Militaries in general infiltrate their influence and control into society by expanding their roles into the broader socio-economic and political spheres in the name of protection of the nation’s internal security.
Since the counterinsurgency period, the Thai military employed a so-called political offensive approach to fight the CPT, which allowed the military to engage in the nation’s socio-economic and political development. The counterinsurgency operations integrated development projects, mass organizations, ideological indoctrination and propaganda programmes into its operations. These apparatuses were carried on despite the demise of the CPT. The line that distinguishes internal security from normal domestic affairs became increasingly blurred in the post-counterinsurgency period. The definition of internal security became much broader on grounds of meeting new threats in a volatile world. Many new security threats were non-combatant in nature, yet the Thai military folded them into its mission. From fighting communist insurgency, its mission extended to defending and promoting the monarchy, eradicating poverty, managing democratization, protecting natural resources, combatting human and drugs trafficking, and building political unity. A new term was created to disguise the military’s political strategy: counterinsurgency operations was supplanted by civil affairs.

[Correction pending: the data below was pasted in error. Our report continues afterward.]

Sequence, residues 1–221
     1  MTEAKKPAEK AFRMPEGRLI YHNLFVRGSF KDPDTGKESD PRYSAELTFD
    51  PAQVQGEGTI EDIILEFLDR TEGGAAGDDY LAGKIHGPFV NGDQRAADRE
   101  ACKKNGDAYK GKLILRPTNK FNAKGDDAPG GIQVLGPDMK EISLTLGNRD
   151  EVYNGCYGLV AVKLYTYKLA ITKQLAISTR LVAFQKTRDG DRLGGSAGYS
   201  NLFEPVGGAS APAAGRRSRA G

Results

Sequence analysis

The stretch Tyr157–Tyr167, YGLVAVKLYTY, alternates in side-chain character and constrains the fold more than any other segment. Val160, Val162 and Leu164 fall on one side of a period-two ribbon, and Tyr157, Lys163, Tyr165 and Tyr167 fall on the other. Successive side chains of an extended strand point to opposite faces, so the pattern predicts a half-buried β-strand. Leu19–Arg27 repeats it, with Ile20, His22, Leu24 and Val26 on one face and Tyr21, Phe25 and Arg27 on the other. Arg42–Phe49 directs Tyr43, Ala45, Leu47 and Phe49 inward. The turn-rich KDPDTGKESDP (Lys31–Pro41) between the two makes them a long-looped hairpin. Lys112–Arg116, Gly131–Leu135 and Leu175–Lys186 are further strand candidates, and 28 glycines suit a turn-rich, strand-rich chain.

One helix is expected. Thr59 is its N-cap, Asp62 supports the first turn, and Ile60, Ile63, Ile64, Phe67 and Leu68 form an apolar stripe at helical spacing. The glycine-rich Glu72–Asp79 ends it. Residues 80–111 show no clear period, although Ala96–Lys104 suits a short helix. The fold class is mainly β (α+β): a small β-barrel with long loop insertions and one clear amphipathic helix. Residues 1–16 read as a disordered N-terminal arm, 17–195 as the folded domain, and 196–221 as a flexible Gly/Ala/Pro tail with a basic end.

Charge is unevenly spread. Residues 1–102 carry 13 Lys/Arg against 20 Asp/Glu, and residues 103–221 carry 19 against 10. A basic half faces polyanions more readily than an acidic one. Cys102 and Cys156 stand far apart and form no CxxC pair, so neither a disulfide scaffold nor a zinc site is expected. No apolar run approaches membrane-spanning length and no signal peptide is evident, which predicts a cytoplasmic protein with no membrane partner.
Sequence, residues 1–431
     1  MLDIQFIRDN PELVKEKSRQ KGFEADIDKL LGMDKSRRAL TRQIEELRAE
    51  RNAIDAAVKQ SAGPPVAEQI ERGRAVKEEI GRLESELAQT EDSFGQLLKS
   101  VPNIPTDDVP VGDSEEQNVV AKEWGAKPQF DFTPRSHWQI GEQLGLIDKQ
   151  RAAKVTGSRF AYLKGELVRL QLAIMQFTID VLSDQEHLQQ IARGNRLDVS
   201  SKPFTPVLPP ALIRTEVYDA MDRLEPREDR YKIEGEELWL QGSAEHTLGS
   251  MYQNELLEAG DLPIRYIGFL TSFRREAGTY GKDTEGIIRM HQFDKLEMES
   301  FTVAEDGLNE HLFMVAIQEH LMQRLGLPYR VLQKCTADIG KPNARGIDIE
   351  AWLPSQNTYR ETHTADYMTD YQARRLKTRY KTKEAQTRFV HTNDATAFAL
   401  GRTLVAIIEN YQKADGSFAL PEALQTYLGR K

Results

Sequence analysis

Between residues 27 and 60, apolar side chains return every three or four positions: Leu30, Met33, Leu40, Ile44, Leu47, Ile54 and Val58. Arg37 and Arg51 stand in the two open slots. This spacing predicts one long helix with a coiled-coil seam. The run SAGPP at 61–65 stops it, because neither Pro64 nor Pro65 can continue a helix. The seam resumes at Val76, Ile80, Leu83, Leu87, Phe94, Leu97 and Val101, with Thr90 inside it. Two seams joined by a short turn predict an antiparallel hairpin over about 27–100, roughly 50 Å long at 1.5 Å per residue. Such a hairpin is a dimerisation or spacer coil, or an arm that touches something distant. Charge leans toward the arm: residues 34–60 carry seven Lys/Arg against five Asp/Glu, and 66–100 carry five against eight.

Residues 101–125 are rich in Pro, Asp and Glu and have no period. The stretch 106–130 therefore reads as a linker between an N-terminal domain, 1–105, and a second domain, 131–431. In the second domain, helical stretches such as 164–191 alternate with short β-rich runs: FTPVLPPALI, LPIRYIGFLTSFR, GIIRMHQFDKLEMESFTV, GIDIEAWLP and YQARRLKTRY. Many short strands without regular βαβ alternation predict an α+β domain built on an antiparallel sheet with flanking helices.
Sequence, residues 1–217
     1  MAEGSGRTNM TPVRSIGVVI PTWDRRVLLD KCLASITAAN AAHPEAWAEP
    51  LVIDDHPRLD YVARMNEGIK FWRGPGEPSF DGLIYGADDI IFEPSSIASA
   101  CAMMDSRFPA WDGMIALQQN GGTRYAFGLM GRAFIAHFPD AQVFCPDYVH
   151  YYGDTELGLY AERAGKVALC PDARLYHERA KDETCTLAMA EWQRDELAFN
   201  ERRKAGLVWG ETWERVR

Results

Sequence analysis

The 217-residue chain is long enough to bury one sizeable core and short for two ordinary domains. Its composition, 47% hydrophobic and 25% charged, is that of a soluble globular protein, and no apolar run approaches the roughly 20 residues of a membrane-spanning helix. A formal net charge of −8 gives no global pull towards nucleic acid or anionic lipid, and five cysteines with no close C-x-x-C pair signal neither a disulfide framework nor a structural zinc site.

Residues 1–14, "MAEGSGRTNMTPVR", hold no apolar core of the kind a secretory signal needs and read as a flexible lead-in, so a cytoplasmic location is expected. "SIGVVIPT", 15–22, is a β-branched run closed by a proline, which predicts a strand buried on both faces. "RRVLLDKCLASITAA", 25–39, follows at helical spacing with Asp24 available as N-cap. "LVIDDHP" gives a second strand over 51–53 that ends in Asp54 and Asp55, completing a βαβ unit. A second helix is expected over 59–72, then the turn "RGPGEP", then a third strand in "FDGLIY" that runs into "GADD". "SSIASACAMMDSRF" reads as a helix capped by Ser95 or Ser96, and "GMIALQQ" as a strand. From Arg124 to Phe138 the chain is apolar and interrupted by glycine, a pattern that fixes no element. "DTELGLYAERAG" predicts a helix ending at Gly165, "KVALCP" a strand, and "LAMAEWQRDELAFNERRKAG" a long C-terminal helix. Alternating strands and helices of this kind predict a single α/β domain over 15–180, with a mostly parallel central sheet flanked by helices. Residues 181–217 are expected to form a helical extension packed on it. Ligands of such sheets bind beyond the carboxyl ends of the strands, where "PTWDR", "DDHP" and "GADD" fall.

The internal security mechanism became a political tool of the military and its conservative allies to protect and perpetuate their political domination and suppress political dissidents. The military’s activities broadened into social, political, and economic areas, and expanded beyond the remote rural and hill areas to the urban areas. Its current operations cover every province in the country, including Bangkok, and penetrate deep into the pre-existing village governance structures. Various interest groups became targets of the military’s internal security operations. The military’s power in the country’s socio-political sphere became steadily stronger and more pervasive, overflowing all boundaries in the aftermath of the coup in 2006. Solutions to various socio-economic problems have become militarized, such as the forced eviction of people from the forest reserve areas. Some political issues are disguised as an economic agenda.
In normal time, these apparatuses seemed harmless. But when the country faces political conflict, the military and the royalist elites can exploit them to achieve their political agendas. Besides, the institutionalization of the military-dominated apparatus grants this apparatus an autonomous life. The apparatus continues its operations even when Thailand is under elected governments. Bureaucracy helps maintain routine operations and maintaining the military political apparatus proved to be the right strategy for the elites when they confronted new challenges to their domination. To counter the rise of the Red Shirts movement and the undiminished strength of the Thaksin faction, the conservative elites needed to build a loyal popular base across classes and regions, turning people into a political weapons in the name of defending the Democratic Regime with the Monarch as the Head of the State.